While the new data reveals a strong Christmas holiday period across the country, unfortunately not all states enjoyed the upturn.
Tasmania, feeling the effects of the extended lockdown in Victoria, saw occupancy down by 15% and revenue down by $3 million compared to the Christmas holiday period between 2019 and 2020.
Victoria’s occupancy was up by 14% with revenue up by $27 million, and the NT saw a 15% occupancy increase and $2 million revenue increase.
Occupancy was up by 8% in both New South Wales and Queensland, with revenue increases of $38 million and $10 million respectively.
The Christmas holiday period delivered a 5% occupancy increase for Western Australia and an upturn of $11 million in revenue, whilst South Australia’s occupancy was up 3% and revenue up $4.2 million.
Angus Strachan, BDO Director of Business Services, said the strong season for a majority of states can be attributed to increased bookings and people spending more money while they are there.
“Increased occupancy levels and higher spending while they’re there is a trend we expect to see throughout 2021 as Australians book trips in their own backyard. Another trend we expect to continue is an increase in last minute bookings, as people avoid planning ahead due to the risk of border closures,” Angus said.
Angus said the Easter long weekend - traditionally the busiest weekend for holiday parks in Australia – was also providing brighter news right across the country with forward bookings up on both Easter 2020 and 2019. Excluding those bookings that had already cancelled by this time last year, the number of non-cancelled bookings currently expected at Easter this year is 332% higher than it was this same time last year and 33% higher than it was this same time in 2019.
“We expect the Easter long weekend to be a bumper period for our holiday parks this year. People can’t travel overseas at the moment, and they’re hesitate to book interstate trips with pending lockdowns a real possibility. This provides a great opportunity for holiday parks to provide people with a local option to get away for the four day break,” Angus said.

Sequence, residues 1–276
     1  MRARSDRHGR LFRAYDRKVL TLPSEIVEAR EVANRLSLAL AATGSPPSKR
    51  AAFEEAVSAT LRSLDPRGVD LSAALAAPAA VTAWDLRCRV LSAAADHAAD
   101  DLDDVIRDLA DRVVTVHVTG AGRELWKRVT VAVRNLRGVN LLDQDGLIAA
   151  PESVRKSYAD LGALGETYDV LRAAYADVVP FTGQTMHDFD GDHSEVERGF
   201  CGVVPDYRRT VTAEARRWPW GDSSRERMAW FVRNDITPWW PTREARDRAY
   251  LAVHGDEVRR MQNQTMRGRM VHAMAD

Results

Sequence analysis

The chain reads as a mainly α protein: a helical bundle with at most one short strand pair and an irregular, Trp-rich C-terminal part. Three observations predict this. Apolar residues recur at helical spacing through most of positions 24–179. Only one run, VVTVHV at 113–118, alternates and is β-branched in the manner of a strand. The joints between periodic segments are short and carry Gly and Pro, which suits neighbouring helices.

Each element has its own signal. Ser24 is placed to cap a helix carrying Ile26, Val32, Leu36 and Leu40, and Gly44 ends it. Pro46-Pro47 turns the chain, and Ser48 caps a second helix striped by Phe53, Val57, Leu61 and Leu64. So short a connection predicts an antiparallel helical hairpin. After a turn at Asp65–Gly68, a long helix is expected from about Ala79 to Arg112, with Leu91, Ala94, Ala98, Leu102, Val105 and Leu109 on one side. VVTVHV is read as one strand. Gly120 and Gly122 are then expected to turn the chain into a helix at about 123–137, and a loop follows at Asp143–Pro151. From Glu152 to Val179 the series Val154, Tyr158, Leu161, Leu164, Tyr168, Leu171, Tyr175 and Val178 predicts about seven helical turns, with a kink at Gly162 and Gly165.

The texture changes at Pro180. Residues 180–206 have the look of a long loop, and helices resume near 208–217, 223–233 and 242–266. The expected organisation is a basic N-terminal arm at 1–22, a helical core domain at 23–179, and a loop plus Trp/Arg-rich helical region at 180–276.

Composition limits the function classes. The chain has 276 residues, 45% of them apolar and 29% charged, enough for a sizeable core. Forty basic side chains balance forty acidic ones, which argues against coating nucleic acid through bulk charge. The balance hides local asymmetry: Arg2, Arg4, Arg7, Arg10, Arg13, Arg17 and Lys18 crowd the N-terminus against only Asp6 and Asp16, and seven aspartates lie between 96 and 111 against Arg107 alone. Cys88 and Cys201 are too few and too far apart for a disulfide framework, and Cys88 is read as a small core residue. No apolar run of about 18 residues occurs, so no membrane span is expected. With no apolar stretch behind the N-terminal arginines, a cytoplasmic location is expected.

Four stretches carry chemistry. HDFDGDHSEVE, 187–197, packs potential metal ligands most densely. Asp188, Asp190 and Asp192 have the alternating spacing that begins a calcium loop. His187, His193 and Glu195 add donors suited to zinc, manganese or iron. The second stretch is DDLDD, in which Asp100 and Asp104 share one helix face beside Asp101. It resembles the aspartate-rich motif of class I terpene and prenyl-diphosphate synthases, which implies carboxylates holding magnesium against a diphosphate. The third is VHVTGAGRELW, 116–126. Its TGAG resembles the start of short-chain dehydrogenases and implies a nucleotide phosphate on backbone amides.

However, despite the strong season and healthy forward bookings for Easter, Angus cautioned that it still didn’t make up for the downfall in revenue experienced across all states in the twelve months ended 31 January 2021. He said the current demand seems to be more prolific around major cities and tourism destinations, with a number of regional and remote centres still suffering.
BDO data shows that compared to the same period in the prior year (the most recent 12 month period pre-pandemic to 31 January), New South Wales finished down by $49 million, Queensland down by $94 million, Victoria down by $72 million, Northern Territory down by $35 million, South Australia down $34 million, Western Australia down by $11 million and Tasmania down by $12 million.
Nationally, Australia’s holiday park sector is still down by $282 million due to the impact of the pandemic.
“While the Christmas holiday period definitely provided brighter news for a majority of states, we must remember that the financial impact felt throughout 2020 has not fully recovered,” he said.
“We also have to remember that 2021 may bring further border closures, some with very little notice periods, which will again impact the sector as people cancel trips at the last minute,” Angus said.
Angus added that forward bookings (excluding those that had already cancelled by this time) for the remainder of the financial year (to 30 June) were looking strong with a 148% increase on 2020, and a 57% increase on 2019.
“We expect these forward bookings to grow as holidays and long weekends approach, due to people wanting to book their trips closer to the time to avoid cancellations due to lockdowns. Last minute bookings is a trend we expect to continue throughout 2021,” Angus said.
Read the story in the AFR: Holiday parks rebound after horror year (afr.com)